Turkey Dinner Soup
This one’s another sappy “grandma used to make this” one so feel free to Skip To Recipe.
My Oma’s gravy is legendary, but we only ever got it on holidays involving a turkey dinner, namely Christmas and Thanksgiving. Since Oma passed, gravy duty has fallen to me on Thanksgiving.
Canadian Thanksgiving was a month ago and while making the gravy and day dreaming about just eating it straight up with a spoon it hit me that this gravy is basically a thicker roasted vegetable soup.
Thinning the gravy out with more turkey stock would be easy, but a big component of the flavour is that the vegetables are roasted underneath the turkey, which itself is stuffed with seasoned stuffing. I don’t want to roast a whole ass turkey just to make soup, so instead I figured I could season the vegetables with stuffing seasoning, roast, emulsify and simmer in turkey broth.
Turkey broth as product is apparently hard to come by in Toronto. I could do a fortified stock with a roasted turkey leg, but now I have a turkey leg to deal with. I suppose that could be shredded and made into turkey salad, but I don’t want to write a recipe that calls for a whole turkey leg and then is like “I dunno, make a salad tomorrow?”
Then a friend mentioned serving actual stuffing on top of the soup, so I figured might as well throw the shredded turkey in there too for more fun.
That’s a lot of salt and fat now, we’ll need an acid component. It needs to be bright, but can’t mix too easily into the other flavours and sweeten them uniformly. Like doing laundry and turning your whites pink with a single red sock. I want to keep the broth savoury, but have little bright splashes acid, to simulate the same experience of a full turkey dinner plate when you get a bit of cranberry sauce on your fork full of potatoes and gravy. With Leek and Pea Soup with Basil Oil and Sour Cream I was introduced to the idea of a flavoured oil as a final garnish. So I did that with cranberry and sage instead of basil. Now all the components are here, a whole turkey dinner, re-imagined as soup!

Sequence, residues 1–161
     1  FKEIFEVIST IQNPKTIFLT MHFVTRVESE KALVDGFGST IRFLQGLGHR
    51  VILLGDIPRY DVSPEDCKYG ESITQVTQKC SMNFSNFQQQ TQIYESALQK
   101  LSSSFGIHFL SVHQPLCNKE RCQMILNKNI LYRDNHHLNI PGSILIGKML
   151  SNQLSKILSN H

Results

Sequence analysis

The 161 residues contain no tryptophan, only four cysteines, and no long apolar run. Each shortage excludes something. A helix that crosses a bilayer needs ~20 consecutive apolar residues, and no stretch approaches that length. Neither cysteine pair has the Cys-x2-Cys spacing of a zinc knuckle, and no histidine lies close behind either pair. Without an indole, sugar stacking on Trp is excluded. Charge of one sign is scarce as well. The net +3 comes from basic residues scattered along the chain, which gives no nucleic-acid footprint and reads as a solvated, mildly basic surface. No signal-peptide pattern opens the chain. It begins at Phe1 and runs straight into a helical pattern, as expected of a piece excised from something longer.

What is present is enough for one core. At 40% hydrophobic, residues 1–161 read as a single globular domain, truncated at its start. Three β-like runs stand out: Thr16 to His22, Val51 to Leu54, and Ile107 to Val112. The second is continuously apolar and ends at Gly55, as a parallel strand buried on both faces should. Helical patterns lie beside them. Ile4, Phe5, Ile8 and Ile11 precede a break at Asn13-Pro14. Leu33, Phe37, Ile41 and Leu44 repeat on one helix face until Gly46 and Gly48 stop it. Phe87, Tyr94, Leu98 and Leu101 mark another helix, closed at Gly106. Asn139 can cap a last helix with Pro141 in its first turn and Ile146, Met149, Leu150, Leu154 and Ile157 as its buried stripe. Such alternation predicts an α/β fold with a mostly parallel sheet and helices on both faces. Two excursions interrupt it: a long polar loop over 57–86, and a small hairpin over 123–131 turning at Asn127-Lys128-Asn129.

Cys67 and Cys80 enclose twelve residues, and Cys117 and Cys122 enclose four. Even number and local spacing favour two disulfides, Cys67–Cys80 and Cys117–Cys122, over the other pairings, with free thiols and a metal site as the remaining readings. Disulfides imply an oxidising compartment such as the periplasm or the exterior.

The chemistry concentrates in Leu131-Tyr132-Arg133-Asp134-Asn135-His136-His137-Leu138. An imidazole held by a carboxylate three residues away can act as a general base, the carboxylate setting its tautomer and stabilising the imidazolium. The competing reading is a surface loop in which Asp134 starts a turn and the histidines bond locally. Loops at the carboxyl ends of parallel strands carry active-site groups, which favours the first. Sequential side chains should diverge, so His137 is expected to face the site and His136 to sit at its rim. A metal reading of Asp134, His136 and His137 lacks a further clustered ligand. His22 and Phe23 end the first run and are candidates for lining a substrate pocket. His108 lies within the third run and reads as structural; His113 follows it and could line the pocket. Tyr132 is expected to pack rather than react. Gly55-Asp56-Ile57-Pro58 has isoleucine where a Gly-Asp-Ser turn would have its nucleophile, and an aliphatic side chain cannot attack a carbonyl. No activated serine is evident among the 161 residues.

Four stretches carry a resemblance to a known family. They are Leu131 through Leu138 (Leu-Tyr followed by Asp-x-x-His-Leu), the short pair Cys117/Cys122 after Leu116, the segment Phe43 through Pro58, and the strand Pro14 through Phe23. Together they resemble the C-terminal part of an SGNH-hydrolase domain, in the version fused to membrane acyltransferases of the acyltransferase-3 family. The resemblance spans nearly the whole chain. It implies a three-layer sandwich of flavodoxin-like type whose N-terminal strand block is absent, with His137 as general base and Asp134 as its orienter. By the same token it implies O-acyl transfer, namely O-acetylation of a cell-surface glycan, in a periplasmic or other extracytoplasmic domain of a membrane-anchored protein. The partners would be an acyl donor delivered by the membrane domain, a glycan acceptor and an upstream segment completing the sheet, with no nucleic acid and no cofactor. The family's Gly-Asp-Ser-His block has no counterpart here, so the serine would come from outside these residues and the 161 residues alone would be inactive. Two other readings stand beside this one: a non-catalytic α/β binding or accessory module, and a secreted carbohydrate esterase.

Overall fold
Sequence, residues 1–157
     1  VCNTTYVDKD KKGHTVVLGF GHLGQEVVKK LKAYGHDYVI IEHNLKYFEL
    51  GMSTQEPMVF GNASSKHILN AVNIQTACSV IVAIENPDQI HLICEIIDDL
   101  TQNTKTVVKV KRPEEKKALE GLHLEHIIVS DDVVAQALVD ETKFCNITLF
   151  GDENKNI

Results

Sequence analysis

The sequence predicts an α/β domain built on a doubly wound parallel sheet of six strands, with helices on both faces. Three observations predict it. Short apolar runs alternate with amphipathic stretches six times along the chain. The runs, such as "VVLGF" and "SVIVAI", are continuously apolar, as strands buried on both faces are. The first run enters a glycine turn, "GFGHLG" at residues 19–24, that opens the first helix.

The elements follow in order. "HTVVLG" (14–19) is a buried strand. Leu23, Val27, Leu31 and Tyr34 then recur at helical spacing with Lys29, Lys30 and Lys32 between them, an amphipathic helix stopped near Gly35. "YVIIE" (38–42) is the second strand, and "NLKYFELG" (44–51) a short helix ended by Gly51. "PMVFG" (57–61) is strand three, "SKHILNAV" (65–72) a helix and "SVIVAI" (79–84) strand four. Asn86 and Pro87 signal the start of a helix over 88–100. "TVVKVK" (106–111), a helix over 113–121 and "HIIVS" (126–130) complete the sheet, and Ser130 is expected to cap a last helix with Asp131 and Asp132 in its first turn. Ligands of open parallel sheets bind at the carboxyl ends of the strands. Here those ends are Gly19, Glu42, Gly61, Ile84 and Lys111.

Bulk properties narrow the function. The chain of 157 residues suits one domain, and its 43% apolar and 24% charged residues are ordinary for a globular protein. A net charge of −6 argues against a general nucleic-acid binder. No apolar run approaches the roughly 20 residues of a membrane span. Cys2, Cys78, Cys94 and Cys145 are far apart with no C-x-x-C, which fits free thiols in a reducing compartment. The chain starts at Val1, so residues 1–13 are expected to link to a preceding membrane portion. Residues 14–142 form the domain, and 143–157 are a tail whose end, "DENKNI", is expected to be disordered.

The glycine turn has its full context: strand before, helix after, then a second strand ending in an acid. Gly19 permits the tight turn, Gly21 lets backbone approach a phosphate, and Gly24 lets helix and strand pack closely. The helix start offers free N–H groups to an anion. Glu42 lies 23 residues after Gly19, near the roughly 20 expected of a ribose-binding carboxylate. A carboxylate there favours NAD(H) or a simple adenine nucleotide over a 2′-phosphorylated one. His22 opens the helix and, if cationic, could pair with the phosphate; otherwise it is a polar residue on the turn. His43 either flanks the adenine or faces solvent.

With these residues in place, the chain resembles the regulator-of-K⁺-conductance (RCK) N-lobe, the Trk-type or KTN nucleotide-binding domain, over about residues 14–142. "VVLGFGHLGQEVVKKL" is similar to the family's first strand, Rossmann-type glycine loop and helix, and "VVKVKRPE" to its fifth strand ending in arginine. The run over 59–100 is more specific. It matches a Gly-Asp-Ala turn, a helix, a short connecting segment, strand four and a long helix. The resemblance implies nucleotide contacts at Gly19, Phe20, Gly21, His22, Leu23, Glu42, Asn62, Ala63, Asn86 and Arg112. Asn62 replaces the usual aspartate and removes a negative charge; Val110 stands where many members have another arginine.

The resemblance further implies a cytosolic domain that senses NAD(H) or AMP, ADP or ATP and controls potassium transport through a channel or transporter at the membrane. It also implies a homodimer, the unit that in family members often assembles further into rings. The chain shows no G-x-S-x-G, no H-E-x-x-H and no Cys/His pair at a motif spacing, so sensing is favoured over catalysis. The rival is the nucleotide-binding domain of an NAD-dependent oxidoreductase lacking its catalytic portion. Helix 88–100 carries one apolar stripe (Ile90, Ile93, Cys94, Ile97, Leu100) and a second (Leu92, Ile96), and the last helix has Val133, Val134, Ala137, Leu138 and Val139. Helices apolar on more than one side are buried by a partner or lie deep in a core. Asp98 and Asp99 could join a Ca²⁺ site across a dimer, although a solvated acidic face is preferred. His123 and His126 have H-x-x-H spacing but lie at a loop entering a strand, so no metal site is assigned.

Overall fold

And then I remembered this isn’t the first time I’ve done this.
- 3 very large carrot peeled
- 2 large onion yellow cooking
- 4 stalk celery
- 9 g chicken bouillon
- 1 tsp garlic powder
- 1 tsp onion powder
- 1 tsp thyme fresh
- 1 tsp ground sage
- 1 tsp rosemary dried, ground
- 1 tsp celery salt
- 1/2 tsp pepper
- olive oil
- 2 Turkey Leg
- salt and pepper
- 1 loaf sour dough several days old, cut into 1" cubes
- 1/3 cup butter
Cranberry Sage Oil
- 200 ml cranberry sauce
- 200 ml olive oil
- 1/2 cup sage fresh, leaves only
- 1 l chicken stock
- splash lemon juice
- Preheat oven to 450F
- Chop everything in similar sized pieces, I did around 1/2 inch
- Add everything to a large mixing bowl and coat liberally with olive oil
- Mix together all spices in a separate bowl then toss vegetables in the spice mix
- Add vegetables to a deep 13" baking dish and set aside
- Season the turkey on all sides with salt and pepper, place a wire rack on the vegetable baking dish and arrange the turkey legs evenly spaced in the center of the rack (see image above) This is important because we want the turkey to drip all its juices down onto the veg as it all roasts
- Roast everything for 20 mins uncovered
- Remove dish from oven, tent with foil and return to oven for another 20-30 minutes or until turkey legs are 165F at center
- remove from oven and set aside.
- Blend all ingredients together until fully emulsified, adjust consistency as needed with more oil
- In batches toast croutons in butter on medium until toasted to desired darkness. One thing to note about these is they harder they are the better, because you want them to still have crunch and chew after sitting in the soup for awhile
- Add the stock to a large soup pot
- Once the turkey and veg are roasted strip all meat from the bones, then add the bones and the veg to the bot and bring to simmer, then simmer covered for 20 minutes
- While the soup simmers, roughly chop the turkey into 1/2" pieces, removing any grizzle and other less desirable pieces. Hard to chew pieces will really stand out in the final dish
- After simmering is done, remove the bones from the pot and discard, then use an emulsion blender to fully emulsify
- Ladle soup into wide bowls, pile chopped turkey and croutons in the center and drizzle cranberry oil around the outside (around the outside)